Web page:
There are other ecosystem collapse scenarios, for instance in the coral reefs, that are also irreversible even if global warming stopped now. The new acidity in the oceans will continue killing the corals.

So there are irreversible impacts of climate change which will continue.

Continuous warming:

Finally, people talk about run-away climate change. This is the serious lock-in that makes climate change categorically different than any other issue we are dealing with.

It’s the feedback mechanisms embedded in the Earth systems.

Very briefly, here’s how they work:

Warming melts the Arctic ice. Ice is then replaced by water. That’s a blue surface substituting a white surface. Sea absorbs more energy than ice. So that means more warming. More warming causes more melting, and more melting causes more warming. This is a positive feedback mechanism. The tipping point for this mechanism is predicted to be 1-3ºC warming.

Another example is the forests. Warmer climate means stronger and more frequent forest fires. Burning trees release the carbon they have. That causes even more greenhouse effect, hence more warming, hence more wildfires. This is another positive feedback mechanism. The tipping point for this one to kick off is predicted to be 3-5ºC warming.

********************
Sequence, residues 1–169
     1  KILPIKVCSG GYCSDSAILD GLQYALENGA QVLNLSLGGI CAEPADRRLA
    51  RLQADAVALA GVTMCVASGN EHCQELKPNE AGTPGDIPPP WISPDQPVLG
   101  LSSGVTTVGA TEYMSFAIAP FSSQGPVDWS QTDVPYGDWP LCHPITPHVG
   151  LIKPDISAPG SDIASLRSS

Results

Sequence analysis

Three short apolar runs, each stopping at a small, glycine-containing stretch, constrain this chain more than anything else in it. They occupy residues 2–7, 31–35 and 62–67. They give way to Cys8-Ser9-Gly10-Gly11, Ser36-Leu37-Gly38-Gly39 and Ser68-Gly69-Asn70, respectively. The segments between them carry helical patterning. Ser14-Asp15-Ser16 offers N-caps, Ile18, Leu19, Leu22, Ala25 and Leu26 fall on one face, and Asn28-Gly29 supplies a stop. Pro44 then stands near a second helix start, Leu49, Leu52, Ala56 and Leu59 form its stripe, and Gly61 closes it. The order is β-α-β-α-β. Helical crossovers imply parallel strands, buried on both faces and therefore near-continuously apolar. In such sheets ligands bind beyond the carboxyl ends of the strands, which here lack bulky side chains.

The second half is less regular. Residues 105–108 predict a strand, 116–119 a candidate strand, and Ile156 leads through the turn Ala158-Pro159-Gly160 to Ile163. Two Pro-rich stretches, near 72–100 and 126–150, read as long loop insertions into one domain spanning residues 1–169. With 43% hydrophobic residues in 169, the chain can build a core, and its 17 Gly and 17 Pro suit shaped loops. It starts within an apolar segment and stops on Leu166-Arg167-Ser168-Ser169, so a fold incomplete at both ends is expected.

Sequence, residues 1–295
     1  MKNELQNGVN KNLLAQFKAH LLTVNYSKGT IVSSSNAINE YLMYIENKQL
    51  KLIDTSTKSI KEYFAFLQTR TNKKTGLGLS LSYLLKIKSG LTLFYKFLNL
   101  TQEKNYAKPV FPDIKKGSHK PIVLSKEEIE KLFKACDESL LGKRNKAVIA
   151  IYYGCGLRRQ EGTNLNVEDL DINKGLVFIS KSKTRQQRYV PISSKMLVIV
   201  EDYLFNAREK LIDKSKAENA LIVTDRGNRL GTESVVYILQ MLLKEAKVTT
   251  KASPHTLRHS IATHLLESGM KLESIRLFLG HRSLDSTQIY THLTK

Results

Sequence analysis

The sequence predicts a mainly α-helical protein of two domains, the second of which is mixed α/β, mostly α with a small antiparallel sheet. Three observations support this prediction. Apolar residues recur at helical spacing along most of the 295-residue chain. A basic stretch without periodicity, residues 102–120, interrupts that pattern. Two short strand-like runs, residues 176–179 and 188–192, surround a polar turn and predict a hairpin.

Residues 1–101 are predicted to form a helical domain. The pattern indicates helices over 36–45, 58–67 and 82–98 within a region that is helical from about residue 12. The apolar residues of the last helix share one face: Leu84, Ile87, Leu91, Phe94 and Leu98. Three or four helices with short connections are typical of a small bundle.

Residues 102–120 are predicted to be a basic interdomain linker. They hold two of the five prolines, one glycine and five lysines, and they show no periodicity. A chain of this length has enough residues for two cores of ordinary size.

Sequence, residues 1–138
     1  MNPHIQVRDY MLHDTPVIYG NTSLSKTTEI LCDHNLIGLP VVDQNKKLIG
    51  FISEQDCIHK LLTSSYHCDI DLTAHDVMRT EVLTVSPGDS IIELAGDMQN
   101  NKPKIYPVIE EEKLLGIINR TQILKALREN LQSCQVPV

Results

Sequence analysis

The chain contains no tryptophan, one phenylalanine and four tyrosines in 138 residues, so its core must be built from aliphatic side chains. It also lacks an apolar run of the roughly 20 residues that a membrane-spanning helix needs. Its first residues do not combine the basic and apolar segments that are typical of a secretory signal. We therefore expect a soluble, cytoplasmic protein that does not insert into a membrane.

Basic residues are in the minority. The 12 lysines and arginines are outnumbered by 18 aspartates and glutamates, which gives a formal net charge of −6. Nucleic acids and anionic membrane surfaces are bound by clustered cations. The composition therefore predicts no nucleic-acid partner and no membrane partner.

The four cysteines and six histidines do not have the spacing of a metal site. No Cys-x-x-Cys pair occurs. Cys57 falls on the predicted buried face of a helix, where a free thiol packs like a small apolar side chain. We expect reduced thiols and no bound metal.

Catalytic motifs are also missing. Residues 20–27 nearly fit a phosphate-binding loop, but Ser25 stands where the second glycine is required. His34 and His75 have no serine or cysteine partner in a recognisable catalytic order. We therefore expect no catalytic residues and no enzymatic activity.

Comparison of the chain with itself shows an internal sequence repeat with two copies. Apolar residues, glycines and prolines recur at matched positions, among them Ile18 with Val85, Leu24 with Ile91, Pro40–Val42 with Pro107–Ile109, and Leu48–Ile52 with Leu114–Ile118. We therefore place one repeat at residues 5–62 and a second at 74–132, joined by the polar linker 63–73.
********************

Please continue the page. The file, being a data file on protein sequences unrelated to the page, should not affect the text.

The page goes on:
My last example is the permafrost, the soil in the North that is permanently frozen. With warming, the permafrost starts to thaw. And it has methane fixed in it, that gets released. Methane is a greenhouse gas, meaning more warming, hence more permafrost melting, hence even more warming. This is another positive feedback, and the tipping point for it is >5ºC warming.

Now look at this map produced in an article published in the Nature.

You see that certain ecosystems collapse with 1-3ºC warming and cause further warming, which then tips off other ecosystems at 3-5ºC warming that causes even further warming, which then launches other positive feedback mechanisms at >5ºC warming. This is the domino effect. This is the run-away climate change.

The latest IPCC report mentions such non-linear cases to be kicked off when we cross from 1.5ºC to 2ºC warming.

This is what climate activists are scared the hell out of and are trying to warn people about: if we emit sufficient CO2 to guarantee more than 1.5ºC warming, then warming may become irreversible in the sense that physical and chemical processes make sure that we reach 2ºC, 3ºC, 4ºC, 5ºC, 6ºC even if we stop the emissions.

There is a problem with this situation that makes it harder to communicate: The tipping points for each degree are still decades away while the carbon budget to cross the tipping point will be consumed globally before 2030. So if we don’t cut emissions to zero now, then global warming – the continuous warming of the planet – will be irreversible.

This is why we must stop whatever we are doing and start stopping climate change. Now. Not next year. Not next month. Not next week. Now.